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    Remembrance architecture recognised in Victorian Architecture Awards

    The Atrium of Holy Angels Mausoleum at Melbourne’s Fawkner Memorial Park has been shortlisted for a 2018 Victorian Architecture Award. 

    The awards, which celebrate profound examples of public architecture, have recognised the mausoleum for its ability to “instigate a conversation between architecture, landscape and the role of memorial," according to the Australian Institute of Architects.

    This is achieved in the form of a striking circular structure consisting of eight separate blocks that sit around a central landscaped courtyard, providing above ground burial for 672 people.

    AtriumOfHolyAngels.jpg

    According to managing director of Harmer Architecture, Philip Harmer, the mausoleum’s design offers longevity for those who will continue to visit their loved ones.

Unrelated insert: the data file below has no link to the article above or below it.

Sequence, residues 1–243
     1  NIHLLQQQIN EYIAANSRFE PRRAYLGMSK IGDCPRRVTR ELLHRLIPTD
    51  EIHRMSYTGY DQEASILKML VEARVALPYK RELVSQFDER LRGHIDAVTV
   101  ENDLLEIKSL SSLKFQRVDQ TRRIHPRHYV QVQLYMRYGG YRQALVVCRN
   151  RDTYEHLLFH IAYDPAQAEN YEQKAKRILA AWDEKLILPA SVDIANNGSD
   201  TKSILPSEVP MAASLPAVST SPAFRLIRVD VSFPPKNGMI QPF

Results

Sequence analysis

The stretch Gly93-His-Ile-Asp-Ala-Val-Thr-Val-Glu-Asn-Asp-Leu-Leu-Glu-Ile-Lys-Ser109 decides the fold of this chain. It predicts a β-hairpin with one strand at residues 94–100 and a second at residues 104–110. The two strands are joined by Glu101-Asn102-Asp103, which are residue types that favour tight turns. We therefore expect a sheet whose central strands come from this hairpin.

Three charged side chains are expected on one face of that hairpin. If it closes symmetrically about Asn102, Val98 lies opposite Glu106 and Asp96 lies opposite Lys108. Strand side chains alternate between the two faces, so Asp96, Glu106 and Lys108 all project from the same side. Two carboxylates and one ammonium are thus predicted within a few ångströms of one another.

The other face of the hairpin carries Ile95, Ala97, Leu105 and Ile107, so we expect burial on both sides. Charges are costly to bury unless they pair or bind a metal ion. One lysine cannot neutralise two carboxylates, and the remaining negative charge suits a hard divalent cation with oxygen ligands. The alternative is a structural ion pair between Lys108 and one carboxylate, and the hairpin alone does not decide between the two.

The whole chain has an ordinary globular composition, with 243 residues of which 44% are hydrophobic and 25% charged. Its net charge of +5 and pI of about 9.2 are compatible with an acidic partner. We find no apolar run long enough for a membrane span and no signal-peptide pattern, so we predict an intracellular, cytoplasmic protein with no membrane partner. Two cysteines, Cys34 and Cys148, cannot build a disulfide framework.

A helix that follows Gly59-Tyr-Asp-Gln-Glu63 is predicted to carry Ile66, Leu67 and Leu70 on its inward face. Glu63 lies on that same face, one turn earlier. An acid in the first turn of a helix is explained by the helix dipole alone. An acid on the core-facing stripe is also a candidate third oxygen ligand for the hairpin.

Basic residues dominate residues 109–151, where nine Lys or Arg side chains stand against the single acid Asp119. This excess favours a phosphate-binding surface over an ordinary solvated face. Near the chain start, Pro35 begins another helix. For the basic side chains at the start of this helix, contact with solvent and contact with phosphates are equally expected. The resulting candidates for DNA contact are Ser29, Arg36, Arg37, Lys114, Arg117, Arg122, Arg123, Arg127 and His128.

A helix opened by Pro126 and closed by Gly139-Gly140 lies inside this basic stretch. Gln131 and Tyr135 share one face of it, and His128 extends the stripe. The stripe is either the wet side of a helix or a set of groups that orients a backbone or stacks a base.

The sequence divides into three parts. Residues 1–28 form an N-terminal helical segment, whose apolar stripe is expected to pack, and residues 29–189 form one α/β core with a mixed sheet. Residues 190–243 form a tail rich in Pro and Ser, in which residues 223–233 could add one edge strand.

“This is a logical extension of the other types of work we do which involves public spaces. It’s an active public space that people visit, it isn’t just about death,” he says.

    “There is a large community of Italian heritage who live in Melbourne’s North, many of whom want significant memorials such as community mausoleums. Many people in the local community visit their deceased relatives regularly and for long after they have gone.”

    Harmer believes that the crypts need to allow people options when they are purchasing, which he incorporates into his design through the circular shape and internal and external landscaping.

    "It’s all about the landscape and giving people choice by facing every direction of the compass. It becomes more of a pavilion than a building," he says.

    AtriumOfHolyAngels3.jpg

    The winners of the 2018 Victorian Architecture Awards will be announced at the awards dinner on 29 June 2018. Winners of each category will then progress to compete in the National Architecture Awards program.

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